Real accountability requires leaders to take responsibility and pride in the art of encouraging and guiding their employees. Being an accountable leader is not as easy as it may sound, but it is necessary to bring genuine value to your team of employees and your organization as a whole. However, taking responsibility and giving out credit whenever possible will set you apart from other leaders, and enable your direct reports to respond positively to your leadership.
Mon 25 April 2022
Your team knows better than anyone what it’s like to work for you. But that doesn’t mean they’re going to tell you. When it comes to giving feedback, many direct reports figure, “Why risk it?” or “What’s the point?”
They’re cautious because they’ve heard about, or experienced managers lashing out, hurting people’s careers, or just plain ignoring them when they share what they really think. But it doesn’t have to be that way!
You can be a different kind of leader; one who understands that just about everything you do and say impacts your direct reports’ lives and performance; a leader who truly wants to hear their unpolished feedback; who proactively seeks out that feedback so that everyone can reach their highest potential, including you. 
 
Why is it important that managers receive feedback from their direct reports?
No one wants to offend the boss, right? But without input, your development will suffer, you may become isolated, and you’re likely to miss out on hearing some great ideas. 
The feedback you get from your direct reports can help to shape your management style, decision-making process, and the ways in which you interact with your team members. This kind of feedback can not only make you a better manager, but ultimately, it can also help to inspire a higher level of performance in your team.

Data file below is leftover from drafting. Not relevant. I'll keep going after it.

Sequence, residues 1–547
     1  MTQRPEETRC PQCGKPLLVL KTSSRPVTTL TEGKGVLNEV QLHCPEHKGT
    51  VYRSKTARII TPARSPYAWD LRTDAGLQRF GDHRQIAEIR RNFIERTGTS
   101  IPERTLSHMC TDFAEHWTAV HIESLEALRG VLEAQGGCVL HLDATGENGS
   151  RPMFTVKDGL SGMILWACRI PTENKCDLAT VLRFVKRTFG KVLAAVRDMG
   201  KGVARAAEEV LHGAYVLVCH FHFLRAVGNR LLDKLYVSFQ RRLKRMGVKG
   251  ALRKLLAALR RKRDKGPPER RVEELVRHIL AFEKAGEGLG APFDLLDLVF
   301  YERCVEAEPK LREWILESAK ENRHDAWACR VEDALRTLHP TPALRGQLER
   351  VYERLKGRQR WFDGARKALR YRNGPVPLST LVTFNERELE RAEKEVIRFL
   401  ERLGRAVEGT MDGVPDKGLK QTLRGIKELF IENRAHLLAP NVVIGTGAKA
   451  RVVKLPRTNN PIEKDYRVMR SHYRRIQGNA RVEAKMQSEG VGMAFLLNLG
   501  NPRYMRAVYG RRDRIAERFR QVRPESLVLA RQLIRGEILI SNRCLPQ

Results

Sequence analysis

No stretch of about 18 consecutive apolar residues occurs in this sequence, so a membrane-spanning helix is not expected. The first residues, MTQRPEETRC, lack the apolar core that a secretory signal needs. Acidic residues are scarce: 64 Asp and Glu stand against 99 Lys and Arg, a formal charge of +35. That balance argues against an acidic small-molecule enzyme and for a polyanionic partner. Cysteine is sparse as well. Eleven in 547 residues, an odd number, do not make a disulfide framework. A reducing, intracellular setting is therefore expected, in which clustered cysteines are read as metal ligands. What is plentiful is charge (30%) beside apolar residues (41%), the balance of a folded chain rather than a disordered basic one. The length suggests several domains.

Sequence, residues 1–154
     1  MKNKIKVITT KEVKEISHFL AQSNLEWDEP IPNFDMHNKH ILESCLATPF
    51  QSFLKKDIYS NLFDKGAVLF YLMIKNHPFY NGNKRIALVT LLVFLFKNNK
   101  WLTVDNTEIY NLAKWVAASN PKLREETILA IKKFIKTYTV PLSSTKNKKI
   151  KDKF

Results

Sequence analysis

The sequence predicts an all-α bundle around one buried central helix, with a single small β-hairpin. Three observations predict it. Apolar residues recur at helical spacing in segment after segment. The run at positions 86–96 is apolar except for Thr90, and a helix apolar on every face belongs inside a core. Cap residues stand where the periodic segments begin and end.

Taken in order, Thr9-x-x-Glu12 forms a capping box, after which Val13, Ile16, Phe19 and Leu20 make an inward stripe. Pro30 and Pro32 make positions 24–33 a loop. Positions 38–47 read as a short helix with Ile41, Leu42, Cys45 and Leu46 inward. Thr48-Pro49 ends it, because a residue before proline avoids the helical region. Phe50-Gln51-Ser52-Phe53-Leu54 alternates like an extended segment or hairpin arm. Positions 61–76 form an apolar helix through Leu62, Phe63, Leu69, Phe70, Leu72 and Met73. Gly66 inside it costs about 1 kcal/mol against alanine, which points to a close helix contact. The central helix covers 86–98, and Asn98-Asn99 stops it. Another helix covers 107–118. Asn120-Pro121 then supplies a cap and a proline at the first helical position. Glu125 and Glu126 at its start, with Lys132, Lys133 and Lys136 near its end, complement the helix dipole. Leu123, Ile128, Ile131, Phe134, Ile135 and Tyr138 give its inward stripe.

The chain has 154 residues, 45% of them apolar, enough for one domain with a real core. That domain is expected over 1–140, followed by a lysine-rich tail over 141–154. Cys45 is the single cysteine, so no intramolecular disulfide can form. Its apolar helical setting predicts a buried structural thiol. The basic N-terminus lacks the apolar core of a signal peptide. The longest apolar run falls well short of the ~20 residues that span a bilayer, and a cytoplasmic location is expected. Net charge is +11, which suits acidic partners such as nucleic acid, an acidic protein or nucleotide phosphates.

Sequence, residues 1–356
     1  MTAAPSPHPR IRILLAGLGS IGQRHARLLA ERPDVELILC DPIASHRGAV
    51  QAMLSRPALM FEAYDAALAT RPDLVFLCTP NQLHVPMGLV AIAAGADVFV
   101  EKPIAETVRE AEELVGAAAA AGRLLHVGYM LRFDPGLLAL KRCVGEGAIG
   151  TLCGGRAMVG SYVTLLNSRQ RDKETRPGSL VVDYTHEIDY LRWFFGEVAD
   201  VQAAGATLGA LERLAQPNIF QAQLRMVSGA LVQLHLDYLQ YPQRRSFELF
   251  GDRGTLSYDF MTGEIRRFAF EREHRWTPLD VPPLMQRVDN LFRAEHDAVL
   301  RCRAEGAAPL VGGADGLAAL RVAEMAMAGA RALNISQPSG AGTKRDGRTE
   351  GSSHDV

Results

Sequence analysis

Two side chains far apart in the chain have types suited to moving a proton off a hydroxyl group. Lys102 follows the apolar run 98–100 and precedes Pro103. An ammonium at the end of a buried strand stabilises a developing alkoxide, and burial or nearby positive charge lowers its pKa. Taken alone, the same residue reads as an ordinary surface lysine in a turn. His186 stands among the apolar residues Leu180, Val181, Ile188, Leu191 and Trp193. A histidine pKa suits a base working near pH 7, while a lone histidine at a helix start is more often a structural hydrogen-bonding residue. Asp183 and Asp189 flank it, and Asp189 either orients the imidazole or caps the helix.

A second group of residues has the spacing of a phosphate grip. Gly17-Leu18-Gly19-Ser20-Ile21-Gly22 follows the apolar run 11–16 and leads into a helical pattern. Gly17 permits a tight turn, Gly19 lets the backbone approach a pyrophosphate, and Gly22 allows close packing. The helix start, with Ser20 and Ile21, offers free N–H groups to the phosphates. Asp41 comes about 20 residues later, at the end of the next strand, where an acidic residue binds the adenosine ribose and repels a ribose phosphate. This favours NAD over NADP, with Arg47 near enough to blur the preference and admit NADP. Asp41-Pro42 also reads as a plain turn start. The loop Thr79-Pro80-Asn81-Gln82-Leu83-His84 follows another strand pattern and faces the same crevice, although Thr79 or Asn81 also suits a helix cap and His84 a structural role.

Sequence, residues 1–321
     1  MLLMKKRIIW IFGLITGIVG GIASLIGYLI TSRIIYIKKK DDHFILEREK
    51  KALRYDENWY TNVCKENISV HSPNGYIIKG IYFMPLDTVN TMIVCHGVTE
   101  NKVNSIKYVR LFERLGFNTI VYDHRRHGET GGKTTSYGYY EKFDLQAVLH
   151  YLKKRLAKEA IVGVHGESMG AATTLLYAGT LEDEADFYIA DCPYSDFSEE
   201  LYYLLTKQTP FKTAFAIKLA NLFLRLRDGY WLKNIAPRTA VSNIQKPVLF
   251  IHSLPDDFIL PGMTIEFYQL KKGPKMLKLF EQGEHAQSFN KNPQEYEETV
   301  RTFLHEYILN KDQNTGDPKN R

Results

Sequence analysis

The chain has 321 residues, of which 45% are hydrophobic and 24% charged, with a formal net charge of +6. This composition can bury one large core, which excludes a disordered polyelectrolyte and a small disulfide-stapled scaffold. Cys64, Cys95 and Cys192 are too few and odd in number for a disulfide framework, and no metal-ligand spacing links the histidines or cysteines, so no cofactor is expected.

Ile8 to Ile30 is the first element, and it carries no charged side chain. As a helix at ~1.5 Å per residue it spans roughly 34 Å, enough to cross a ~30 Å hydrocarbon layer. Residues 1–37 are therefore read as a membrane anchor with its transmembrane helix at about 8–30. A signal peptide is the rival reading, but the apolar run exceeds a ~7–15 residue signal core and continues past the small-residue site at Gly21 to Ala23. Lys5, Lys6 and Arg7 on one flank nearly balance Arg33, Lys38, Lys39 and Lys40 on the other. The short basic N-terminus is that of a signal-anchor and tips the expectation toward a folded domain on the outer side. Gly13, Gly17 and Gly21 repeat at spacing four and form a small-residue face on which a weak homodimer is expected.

So, how can you get your direct reports to give you HONEST feedback?
 
How can managers get honest feedback from their direct reports?
            Acknowledge the fear, and embrace your desire to be the best leader for your direct reports! 
            As the boss, you have to set the stage so people feel comfortable with you. You need to break through their fear. You know that everyone makes mistakes, even you! Tell them this. Explain, honestly and openly, that you need their feedback.
But at the same time, it’s important that you recognize how hard it might be to hear this tough feedback. It’s human nature to feel upset when you’re criticized. However, in order for you to be the best leader that you can be, and to help your team thrive, you need this feedback! Here are three ways to help you get there:
 
●     Establish a groundwork for high-trust feedback exchanges 
●     Conduct regular 1:1 meetings with your direct reports 
●     Use the right evaluation software: AIM Insights 
 
  1. How to establish a groundwork for high-trust feedback exchanges
 
Do you want your direct reports to give you honest feedback?
You can’t expect your direct reports to provide honest, open, and helpful feedback if you don’t provide it to them. It’s a two-way street. So take care to model best feedback practices that signal trust, respect, and fairness. 
Unless you already have a strong, trusting relationship with your direct reports, you likely won’t get far bulldozing your way straight into a sensitive task (e.g., “So, how am I doing as a manager?”). But most people, even new hires, will be comfortable and possibly even flattered if you initiate feedback exchanges over lower-stakes topics related to the team’s work. This will send a strong message that you care about, and rely on, your team’s opinions. 
Showing that you care about your direct reports through mutual feedback is essential! You won’t get honest feedback from your direct reports if they don’t feel safe. And they won’t feel safe if you react to the inevitable challenges of work-life with cringes, frustration, or anger.